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Penn continues to stand by its initial announcement for the upcoming fall semester.

Credit: Melanie Hilman

All students returning to campus will be required to take a minimum of two COVID-19 tests regardless of whether they are living on or off campus. 

Provost Wendell Pritchett and Executive Vice President Craig Carnaroli sent an email to the Penn community on Friday afternoon writing that "the University’s planning has evolved on several fronts" since officially announcing its fall semester plans on June 25. While colleges across the nation are reversing their fall plans, the University continues to stand by its initial hybrid instruction model. The vast majority of undergraduate fall classes will be held online, the statement read, with very few in-person offerings. 

The University will send all domestic undergraduate students a package containing a COVID-19 test that they must self-administer within 14 days prior to arrival on campus. Students will again be tested upon arrival on campus and will be required to self quarantine until they receive a negative test. Students must confirm their address on Penn InTouch by August 2 at 5 p.m. EDT.

All testing will be paid for by the University.

International students and students coming to Penn from states that are designated as hotspots by the Centers for Disease Control and Prevention will have to take an additional third test within five to seven days from their first on-campus test. Penn also recommends these students self-quarantine for 14 days upon arrival in Philadelphia.

Tests will be processed by private third-party testing laboratory, the email read. Additional testing will be held in the Hall of Flags in Houston Hall throughout the semester.

Penn will require all students returning to campus to enroll in the PennOpen Pass program, a mobile app daily symptom checker developed to reduce the risk of COVID-19 to the Penn community. Upon enrolling, users will select a time to receive a reminder to complete a survey each day. The app will enable student access to campus buildings.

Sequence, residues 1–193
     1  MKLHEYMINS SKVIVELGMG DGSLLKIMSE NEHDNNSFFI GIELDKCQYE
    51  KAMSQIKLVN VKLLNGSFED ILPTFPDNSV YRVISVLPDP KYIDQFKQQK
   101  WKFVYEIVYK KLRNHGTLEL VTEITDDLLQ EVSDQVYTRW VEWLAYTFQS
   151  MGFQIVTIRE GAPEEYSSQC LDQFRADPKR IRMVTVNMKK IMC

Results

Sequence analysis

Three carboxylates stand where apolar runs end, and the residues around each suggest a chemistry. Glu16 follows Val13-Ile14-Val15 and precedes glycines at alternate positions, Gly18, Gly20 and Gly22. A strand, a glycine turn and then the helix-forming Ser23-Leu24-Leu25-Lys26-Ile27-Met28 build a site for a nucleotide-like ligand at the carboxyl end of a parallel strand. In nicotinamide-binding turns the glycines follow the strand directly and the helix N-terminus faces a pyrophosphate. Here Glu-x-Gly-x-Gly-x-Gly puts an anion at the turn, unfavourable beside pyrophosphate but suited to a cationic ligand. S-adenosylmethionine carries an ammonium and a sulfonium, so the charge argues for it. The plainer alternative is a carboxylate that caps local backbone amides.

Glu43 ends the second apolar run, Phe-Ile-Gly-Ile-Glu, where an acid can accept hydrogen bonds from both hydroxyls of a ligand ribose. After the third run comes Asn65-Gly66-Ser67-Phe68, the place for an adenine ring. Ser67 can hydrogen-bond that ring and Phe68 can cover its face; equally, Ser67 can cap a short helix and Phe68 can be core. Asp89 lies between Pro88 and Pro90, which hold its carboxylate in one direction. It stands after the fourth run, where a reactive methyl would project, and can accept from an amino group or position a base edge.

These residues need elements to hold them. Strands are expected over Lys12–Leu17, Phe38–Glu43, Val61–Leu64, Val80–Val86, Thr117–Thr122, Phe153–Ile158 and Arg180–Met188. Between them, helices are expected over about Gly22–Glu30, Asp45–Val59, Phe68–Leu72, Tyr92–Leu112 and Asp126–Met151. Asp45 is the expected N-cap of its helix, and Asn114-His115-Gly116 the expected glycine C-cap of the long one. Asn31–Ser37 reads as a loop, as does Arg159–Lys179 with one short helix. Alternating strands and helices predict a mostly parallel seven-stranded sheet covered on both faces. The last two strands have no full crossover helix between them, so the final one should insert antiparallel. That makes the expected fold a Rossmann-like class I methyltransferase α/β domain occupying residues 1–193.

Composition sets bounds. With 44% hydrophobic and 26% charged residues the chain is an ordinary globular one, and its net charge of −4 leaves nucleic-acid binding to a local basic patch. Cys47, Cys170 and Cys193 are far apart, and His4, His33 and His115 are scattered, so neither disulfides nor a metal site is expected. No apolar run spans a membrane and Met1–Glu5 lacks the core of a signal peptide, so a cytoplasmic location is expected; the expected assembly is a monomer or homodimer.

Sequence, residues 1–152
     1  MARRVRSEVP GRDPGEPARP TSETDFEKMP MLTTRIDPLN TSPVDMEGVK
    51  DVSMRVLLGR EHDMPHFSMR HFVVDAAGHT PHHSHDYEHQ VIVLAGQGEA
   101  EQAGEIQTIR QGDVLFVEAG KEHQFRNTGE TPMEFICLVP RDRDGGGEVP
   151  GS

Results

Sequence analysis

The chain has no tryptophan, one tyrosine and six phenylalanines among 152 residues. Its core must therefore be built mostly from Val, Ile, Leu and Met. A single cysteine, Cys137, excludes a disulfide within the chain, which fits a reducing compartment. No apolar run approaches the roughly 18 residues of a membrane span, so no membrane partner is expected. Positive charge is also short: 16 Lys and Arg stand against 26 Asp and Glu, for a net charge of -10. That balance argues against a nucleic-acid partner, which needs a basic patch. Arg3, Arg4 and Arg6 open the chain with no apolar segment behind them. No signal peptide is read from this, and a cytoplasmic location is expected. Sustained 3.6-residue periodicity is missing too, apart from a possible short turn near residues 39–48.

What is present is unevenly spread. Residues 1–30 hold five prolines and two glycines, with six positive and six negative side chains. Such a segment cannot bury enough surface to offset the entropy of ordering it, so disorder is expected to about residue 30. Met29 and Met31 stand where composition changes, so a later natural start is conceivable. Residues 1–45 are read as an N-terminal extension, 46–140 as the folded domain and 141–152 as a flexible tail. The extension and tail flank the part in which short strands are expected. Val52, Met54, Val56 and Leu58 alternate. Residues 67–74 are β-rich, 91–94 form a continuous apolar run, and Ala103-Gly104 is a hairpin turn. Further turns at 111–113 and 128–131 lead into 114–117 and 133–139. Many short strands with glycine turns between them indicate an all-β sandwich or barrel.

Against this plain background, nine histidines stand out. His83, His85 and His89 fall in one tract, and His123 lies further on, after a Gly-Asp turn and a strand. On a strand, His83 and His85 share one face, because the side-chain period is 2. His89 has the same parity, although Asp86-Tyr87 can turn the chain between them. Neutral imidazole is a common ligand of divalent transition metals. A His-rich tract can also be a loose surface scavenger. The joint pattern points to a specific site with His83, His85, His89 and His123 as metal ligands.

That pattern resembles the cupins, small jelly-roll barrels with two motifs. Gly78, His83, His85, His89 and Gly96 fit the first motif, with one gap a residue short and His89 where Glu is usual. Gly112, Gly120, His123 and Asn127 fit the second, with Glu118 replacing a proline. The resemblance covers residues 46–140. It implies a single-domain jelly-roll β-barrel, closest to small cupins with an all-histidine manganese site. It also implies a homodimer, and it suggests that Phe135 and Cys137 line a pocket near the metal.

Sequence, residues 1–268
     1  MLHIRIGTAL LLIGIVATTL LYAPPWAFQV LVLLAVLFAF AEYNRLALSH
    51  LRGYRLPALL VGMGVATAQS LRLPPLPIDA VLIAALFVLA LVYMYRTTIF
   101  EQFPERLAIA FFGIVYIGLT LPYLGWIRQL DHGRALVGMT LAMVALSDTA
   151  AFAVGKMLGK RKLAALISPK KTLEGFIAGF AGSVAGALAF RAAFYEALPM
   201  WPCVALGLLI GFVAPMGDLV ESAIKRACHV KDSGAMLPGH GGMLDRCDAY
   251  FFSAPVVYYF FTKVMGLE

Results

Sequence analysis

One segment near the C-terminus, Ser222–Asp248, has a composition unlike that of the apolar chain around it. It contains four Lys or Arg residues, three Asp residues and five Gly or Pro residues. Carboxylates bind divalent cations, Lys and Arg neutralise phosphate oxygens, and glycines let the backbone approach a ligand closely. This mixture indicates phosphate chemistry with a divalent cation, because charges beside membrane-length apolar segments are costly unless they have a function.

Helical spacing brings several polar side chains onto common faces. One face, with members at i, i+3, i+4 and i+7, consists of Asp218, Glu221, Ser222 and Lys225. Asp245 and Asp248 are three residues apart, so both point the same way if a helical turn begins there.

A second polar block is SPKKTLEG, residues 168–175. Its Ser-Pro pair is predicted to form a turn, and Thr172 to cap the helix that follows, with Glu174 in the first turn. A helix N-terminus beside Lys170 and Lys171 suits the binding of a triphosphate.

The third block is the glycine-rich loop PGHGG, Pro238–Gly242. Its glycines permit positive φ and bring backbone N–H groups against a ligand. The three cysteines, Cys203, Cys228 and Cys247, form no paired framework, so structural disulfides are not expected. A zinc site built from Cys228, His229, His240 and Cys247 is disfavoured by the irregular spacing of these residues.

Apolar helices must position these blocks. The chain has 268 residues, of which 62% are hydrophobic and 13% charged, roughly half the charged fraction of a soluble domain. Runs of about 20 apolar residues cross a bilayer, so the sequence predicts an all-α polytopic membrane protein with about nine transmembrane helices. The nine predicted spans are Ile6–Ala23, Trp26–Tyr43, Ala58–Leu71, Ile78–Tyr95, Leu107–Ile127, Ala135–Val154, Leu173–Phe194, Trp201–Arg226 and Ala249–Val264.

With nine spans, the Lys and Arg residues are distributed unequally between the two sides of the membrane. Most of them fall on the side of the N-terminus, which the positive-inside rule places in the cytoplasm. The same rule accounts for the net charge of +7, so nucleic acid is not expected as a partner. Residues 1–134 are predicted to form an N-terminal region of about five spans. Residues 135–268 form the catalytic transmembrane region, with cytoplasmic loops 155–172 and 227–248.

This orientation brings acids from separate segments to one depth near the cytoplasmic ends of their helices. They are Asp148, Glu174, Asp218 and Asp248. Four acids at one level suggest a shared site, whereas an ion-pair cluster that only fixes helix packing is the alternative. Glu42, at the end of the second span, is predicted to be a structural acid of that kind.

Students who show no symptoms and have not been in recent contact with someone who may have COVID-19, will receive a Day Pass to enter Penn buildings. Otherwise, the app will not allow students access to Penn building and will direct them to next steps.

Students will be expected to abide by the Student Campus Compact, a set of guidelines for safe behavior on campus. Guideline violations will be brought to a Compact Review Panel, which will then assess and determine the appropriate response for each case.

“If you are unable or unwilling to follow the requirements of the Compact, you should not return to Penn – whether living on- or off-campus. Failure to follow the requirements of the Compact may result in students being sent home," Pritchett and Carnaroli wrote. 

For Nursing undergraduates, the only in-person course work will be clinical simulations, experiences in the hospital, and clinical settings, as previously announced on June 29. For students in Wharton, Engineering, and the College, a minimal number of courses will be held in person, only where it is "essential."

The Wharton School, as well as some individual departments such as Communication and Creative Writing, previously announced specific policies for how classes — regardless of size — will be conducted.

Penn first-year international students can request a support letter from their academic school to confirm Penn is holding classes under a hybrid model to comply with ICE regulations

The University will continue to be "flexible in adjusting to circumstances as the pandemic evolves."

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